This diagram is interesting, but oh-so-2005.  The only moderately interesting insight you get is that the inactive, for-a-fee customers are at risk.  They’re just giving you money for no good reason.  You should probably figure out how to help them before they go away (and take their money with them).

Introducing a Conversation Model – QCP

As I mentioned earlier, being active does not necessarily mean being engaged and conversational.  The following three categories make sense for thinking about “how conversational” a customer is:

  • Quiet – An active, satisfied, and possibly loyal, but not outspoken customer (or user).
  • Conversing – A customer or user who is engaging with you and with the community about your products.
  • Promoting– A customer or user who is actively encouraging other people to become customers or users.

Quiet customers are like the active users in the old model.  They use the software and pay the bills on time.  Quiet customers are passive.  But in a conversational economy, that’s not enough.  It may be enough to keep the lights on, but you can’t hope to defend against your competition when all of your customers are quiet.

Conversing customers are engaged in conversation – with you and with the community (yours and theirs).  Conversing customers are following you on Twitter, they are fans of your Facebook page, and they retweet, like, and favorite your messages.  They interact with you – asking questions, submitting bugs and feature requests.  The write blog posts, and are extroverted in sharing their relationship (with you) with their friends.  In the standard “engagement model” (satisfied, loyal, and engaged), these customers are engaged.  From the conversing customers you improve your understanding of your market, users, and competition.  These customers are the foundation of your business.

Promoting customers are your dream team.  They aren’t just interacting publicly with you, they are promoting your product.  When you begin to focus on word of mouth marketing, or viral product management, you’ll start sending presents to these folks and inviting them to the company kegger.

Your Thoughts and More Thoughts

I’d love for you to share your thoughts here with me and everyone else!

I feel like this is more of a starting point than a comprehensive article.  For example, I have some scribbles about how to move customers  from the “active free” box to the “active for-a-fee” box (and from inactive to active, etc), and how to move people up the QCP ladder.  Will cover that stuff in a future article.

So – chime in, and as my dad would say, please and thank you!

14 thoughts on “The Conversation Economy

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  3. Scott, I enjoyed part one and have some commentary about the post. As someone who’s lived the hosted and SaaS model, I’m glad to see SaaS as an alternative for this economy. As you mentioned, “as long as the product continues to be relevant, and continues to provide the best solutions for your problems, you’ll keep using it.” With that in mind, SaaS vendors have to be engaged for the long haul. I have experience that it take several years to see the revenue upside as compared to the number of customers you may acquire. Due to the pricing model difference between hosted and on-demand solutions, new customer acquisition may positively impact a company before stable recurring revenue shows up.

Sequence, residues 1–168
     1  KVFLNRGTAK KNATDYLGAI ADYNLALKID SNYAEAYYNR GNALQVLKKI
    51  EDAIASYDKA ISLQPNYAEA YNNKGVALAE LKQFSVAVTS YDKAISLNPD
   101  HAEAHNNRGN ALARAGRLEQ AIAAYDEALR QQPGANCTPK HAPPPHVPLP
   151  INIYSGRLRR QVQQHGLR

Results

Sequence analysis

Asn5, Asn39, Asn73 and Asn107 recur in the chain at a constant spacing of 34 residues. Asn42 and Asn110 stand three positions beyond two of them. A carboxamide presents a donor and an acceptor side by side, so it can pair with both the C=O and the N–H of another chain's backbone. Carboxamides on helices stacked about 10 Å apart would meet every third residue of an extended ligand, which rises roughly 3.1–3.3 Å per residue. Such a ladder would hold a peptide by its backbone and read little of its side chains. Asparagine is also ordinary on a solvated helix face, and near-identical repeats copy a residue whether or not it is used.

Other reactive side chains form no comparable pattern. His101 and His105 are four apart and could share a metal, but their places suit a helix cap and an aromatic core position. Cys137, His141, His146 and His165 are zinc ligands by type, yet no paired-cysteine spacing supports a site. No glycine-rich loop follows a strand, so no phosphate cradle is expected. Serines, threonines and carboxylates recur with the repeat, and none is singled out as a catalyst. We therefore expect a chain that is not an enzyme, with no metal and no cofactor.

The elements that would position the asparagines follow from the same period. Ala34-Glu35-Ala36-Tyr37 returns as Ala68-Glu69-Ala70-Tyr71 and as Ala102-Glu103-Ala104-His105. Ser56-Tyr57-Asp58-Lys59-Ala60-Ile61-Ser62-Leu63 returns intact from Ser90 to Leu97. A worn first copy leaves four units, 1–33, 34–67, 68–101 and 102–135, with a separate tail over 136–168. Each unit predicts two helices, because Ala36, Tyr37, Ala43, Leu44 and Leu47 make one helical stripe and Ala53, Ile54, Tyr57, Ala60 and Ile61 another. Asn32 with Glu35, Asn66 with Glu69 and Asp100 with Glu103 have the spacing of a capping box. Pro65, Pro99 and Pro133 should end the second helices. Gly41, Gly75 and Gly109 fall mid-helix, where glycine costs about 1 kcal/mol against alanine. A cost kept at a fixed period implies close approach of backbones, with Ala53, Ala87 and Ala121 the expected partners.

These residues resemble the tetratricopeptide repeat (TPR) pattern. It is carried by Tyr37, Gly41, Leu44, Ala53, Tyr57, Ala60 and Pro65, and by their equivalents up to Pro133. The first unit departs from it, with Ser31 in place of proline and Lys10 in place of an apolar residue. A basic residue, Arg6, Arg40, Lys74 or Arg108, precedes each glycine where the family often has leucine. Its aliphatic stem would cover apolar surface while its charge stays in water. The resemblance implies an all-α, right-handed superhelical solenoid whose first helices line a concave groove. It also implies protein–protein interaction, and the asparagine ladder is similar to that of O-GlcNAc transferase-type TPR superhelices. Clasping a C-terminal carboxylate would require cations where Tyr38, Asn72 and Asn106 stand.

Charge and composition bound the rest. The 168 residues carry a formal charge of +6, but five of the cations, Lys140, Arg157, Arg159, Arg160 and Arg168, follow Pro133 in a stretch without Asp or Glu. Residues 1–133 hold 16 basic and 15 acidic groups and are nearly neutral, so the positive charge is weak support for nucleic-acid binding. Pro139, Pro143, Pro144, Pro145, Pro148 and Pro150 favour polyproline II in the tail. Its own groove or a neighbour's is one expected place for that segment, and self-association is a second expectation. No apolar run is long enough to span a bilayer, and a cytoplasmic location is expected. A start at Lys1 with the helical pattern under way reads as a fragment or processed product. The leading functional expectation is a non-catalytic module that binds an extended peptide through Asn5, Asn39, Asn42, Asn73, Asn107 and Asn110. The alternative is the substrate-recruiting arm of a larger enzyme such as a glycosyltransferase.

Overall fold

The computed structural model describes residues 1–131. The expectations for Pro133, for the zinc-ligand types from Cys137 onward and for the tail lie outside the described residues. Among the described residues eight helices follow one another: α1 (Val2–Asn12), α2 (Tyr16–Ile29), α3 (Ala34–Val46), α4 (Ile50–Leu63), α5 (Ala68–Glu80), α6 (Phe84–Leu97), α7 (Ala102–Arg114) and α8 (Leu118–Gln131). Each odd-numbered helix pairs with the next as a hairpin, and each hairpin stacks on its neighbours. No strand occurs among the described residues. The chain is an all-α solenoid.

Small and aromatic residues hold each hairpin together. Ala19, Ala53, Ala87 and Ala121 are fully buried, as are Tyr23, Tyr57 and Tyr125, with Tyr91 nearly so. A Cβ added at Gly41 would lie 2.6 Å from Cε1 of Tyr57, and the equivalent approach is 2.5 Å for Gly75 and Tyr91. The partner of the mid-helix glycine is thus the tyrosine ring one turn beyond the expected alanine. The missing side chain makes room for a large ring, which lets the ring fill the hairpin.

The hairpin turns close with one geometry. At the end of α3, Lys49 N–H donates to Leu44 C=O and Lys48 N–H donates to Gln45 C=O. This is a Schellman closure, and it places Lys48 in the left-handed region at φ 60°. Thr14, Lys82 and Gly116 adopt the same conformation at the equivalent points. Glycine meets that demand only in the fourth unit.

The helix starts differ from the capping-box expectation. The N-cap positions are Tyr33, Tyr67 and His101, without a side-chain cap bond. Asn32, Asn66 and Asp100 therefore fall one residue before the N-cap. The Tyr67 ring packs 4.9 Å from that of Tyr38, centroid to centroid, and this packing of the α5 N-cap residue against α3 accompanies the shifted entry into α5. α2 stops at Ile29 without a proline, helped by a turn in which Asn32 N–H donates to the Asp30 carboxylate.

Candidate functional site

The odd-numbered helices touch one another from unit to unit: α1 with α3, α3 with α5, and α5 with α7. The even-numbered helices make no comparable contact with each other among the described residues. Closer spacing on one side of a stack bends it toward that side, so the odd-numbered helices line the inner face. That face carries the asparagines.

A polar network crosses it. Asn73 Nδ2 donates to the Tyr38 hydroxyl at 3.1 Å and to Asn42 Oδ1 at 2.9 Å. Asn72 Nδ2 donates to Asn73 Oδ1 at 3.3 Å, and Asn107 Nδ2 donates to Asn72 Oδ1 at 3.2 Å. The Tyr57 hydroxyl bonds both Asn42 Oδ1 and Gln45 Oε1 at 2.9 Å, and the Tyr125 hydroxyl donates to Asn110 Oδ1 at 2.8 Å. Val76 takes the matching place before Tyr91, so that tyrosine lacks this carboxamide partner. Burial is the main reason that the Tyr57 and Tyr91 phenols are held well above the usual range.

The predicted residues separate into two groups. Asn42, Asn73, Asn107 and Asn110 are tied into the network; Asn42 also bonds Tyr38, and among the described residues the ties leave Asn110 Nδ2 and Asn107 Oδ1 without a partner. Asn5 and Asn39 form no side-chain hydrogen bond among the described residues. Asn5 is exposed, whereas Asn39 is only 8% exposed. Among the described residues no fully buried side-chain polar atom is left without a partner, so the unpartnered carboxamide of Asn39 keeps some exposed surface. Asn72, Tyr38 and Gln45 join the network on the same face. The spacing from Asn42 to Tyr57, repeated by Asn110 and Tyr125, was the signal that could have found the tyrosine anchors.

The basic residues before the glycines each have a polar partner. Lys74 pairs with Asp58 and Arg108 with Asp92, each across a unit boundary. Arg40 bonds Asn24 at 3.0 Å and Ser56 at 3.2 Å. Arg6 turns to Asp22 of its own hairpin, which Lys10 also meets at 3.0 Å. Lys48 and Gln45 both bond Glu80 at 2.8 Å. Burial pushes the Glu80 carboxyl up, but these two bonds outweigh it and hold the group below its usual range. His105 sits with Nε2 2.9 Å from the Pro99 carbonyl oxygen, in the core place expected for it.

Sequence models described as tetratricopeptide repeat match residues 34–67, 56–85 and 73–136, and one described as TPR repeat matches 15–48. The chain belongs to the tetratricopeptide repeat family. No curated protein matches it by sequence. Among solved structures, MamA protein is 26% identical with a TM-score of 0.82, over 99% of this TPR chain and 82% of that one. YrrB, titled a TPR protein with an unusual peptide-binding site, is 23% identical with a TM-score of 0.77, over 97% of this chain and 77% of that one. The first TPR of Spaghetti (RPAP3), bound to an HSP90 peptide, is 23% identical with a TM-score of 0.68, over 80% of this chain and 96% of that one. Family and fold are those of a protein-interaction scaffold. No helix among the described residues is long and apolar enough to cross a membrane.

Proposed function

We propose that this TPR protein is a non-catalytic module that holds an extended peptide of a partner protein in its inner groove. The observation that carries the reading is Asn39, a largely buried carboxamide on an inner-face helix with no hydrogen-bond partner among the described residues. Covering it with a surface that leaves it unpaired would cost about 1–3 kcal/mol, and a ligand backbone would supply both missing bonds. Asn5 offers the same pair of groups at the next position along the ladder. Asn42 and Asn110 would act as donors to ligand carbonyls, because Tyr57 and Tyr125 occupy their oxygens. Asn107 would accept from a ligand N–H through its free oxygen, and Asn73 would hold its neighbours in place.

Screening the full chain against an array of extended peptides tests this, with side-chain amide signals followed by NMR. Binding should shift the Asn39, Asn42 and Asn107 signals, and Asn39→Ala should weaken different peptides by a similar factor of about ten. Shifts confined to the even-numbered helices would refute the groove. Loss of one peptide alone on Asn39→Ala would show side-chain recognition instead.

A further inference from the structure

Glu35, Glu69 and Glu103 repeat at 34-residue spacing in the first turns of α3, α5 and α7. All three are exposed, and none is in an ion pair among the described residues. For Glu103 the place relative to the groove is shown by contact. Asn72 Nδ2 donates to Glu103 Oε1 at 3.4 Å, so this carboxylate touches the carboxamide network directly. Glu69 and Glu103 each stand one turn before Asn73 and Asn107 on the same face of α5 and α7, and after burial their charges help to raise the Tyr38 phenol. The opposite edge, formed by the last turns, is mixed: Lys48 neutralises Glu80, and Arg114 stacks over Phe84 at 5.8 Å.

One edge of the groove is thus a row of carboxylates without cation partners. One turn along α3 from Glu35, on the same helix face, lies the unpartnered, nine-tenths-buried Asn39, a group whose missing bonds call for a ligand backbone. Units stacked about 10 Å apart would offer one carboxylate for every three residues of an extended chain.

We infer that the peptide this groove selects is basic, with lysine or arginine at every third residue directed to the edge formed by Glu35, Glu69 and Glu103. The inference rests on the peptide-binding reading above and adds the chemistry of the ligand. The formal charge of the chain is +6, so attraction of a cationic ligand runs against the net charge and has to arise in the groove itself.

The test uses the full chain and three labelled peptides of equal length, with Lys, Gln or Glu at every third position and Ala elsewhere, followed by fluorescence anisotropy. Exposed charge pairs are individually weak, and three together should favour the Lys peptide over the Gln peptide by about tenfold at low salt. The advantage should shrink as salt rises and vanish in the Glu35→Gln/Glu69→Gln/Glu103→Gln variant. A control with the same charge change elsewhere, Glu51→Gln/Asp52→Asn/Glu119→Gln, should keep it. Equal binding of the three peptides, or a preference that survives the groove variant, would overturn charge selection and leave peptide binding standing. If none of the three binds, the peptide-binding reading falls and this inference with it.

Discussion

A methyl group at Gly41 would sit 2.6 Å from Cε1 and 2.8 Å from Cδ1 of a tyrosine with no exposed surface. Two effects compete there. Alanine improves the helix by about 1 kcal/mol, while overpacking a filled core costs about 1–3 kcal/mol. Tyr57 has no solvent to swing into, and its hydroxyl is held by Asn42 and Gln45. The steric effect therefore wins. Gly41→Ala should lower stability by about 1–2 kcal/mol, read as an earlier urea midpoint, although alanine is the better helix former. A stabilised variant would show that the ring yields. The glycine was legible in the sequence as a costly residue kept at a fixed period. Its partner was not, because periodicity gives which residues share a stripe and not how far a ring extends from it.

The “long-term relationship” as you stated is critical, especially in SaaS. The breakdown often starts when traditional sales models immediately impact new customers by leaving them without a person who “manages the account” or the organization has an ineffective “customer support” team, process or mentality and not a real customer relationship. While SaaS may offload the infrastructure and applications hosting aspects and costs, it doesn’t eliminate the real implementation issues that impact customers. Customization, implementation and methods have to be in place to make it successful. Most SaaS organizations fail to initially use professional services and rely on sales engineers, customer support, product management and even development to “get the customer” enabled.

    This leads to your comment about inactivity and activity with customers. “You either forgot to think about your customers, or you thought about them as active or inactive.” In the SaaS world, they’re either active, engaged and receiving value or their history. The causal effect of replacing any customer always cost “X %” more than keeping one. Organizations contemplating a new SaaS-based offering or migrating to the model have to thoroughly analyze the current business systems and ask themselves if they can really afford to make the transition.